Apart from this, many other things have happened such as: being asked by men “Are you okay?” in the men’s toilet because they think I am a drunk girl who got confused and walked into the wrong toilet; hearing guys in the street say stuff like “shit man, I thought it was a girl” as I walk pass them; being called “Fucking tranny”; or even being directly asked “Are you a boy or a girl?”. Trust me when I say it is exhausting… and that I totally understand Britney Spears shaving her head back in 2007 after being chased and scrutinized by people.
My looks are, of course, part of me and they are also a way to express who I am and how I feel, but regardless of how I feel inside, my style is the one that brought the question mark concerning my gender identity. Which takes us to part two.
I already wear heels and have long hair, so trust me when I say that, if I wanted to be identified and /or live as a woman I would have no problem admiting that and actually changing my name and asking people to call me by that female name. So, no, I do not identify as a trans woman nor do I ever want to be a trans woman.
The problem with this is, of course, people’s unwanted opinions. “Yeah, right, you don’t identify as a woman, but you do wear heels and have long hair”. Even gay people and trans themselves have told me stuff like “You are trans, honey, you just can’t admit it”. To me it’s like, why do you want to impose something on me? Why do I have to “admit” that I am trans, when I identify as male, just because I don’t look “male”? I am a man.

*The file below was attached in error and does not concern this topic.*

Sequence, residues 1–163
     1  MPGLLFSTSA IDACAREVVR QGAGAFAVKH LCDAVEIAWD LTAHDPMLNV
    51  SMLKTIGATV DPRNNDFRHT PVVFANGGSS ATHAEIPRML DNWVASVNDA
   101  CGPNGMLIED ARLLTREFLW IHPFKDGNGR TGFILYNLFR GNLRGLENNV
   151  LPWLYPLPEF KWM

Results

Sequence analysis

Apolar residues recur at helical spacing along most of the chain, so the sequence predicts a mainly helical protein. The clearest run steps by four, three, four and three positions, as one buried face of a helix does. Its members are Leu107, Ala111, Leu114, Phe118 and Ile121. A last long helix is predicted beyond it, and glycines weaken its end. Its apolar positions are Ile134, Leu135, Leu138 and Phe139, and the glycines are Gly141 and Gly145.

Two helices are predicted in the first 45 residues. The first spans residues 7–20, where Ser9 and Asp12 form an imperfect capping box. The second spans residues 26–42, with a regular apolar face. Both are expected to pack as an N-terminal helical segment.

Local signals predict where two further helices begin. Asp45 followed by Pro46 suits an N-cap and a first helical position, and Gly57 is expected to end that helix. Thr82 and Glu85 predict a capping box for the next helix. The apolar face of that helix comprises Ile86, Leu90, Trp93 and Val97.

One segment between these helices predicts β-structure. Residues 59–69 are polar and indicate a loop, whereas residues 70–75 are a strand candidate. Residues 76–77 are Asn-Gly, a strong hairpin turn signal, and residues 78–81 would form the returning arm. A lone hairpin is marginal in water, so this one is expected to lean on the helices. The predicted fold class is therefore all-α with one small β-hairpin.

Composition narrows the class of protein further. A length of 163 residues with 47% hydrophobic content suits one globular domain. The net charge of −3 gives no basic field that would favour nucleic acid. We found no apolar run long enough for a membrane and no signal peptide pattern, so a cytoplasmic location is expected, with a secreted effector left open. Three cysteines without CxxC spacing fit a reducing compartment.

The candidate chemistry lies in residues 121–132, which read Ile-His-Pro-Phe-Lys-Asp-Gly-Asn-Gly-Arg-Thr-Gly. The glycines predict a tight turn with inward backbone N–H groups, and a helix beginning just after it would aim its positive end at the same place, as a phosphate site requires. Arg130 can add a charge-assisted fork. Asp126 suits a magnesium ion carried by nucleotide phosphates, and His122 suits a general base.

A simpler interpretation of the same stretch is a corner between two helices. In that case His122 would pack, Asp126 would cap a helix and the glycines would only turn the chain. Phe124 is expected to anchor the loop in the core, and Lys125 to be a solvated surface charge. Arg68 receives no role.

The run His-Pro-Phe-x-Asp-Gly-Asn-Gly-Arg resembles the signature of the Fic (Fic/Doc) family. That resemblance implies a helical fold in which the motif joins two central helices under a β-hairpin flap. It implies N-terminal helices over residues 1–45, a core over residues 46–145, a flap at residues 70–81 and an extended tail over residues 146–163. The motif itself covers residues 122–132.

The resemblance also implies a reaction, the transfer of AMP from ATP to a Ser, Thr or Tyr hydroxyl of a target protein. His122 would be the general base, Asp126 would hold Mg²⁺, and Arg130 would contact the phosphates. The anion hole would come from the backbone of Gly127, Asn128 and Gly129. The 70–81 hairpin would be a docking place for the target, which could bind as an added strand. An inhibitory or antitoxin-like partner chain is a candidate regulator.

Don’t get me wrong, but there are many trans women who try to look femenine, but it is hard for them to achieve it and to demasculate their bodies, even while taking hormones, going through face feminisation surgery, wearing wigs, dresses, and doing elaborated make up. I have to do nothing and I already look like a woman sometimes! But I don’t look this way because I am trying to achieve to look like a woman. I look like this because this is just ME! This is who I am.
I wear high waisted jeans, because they just happen to be much better than low waisted ones, they cover your belly and they make your legs look great. Did you know men used to wear high wasted jeans decades ago? I have long hair because I just think it adds more personality to who I am and because I love the way it looks. I wear square heel boots, because heels enhance your posture and body shape which makes you look even better. And did you know that heels were actually invented for men and not for women? It is all history, but society creates paradigms which then lead to prejudices, which then try to control the way a man or a woman should look like, or worse, they try to make you “admit” something that has not even crossed your mind in the first place.
Years ago, because of my self-expression, I tried to label myself as “Non-binary” which is great, whatever works for you, go for it! But I just couldn’t really commit to that term because I am biologically a man and I identify as a man. Mentally I have no gender. Whenever I think about anything, I don’t think from a male or a female approach or perspective, I just think as ME! But regardless of that, I am a man who happens to be – and this is the correct term- androgynous.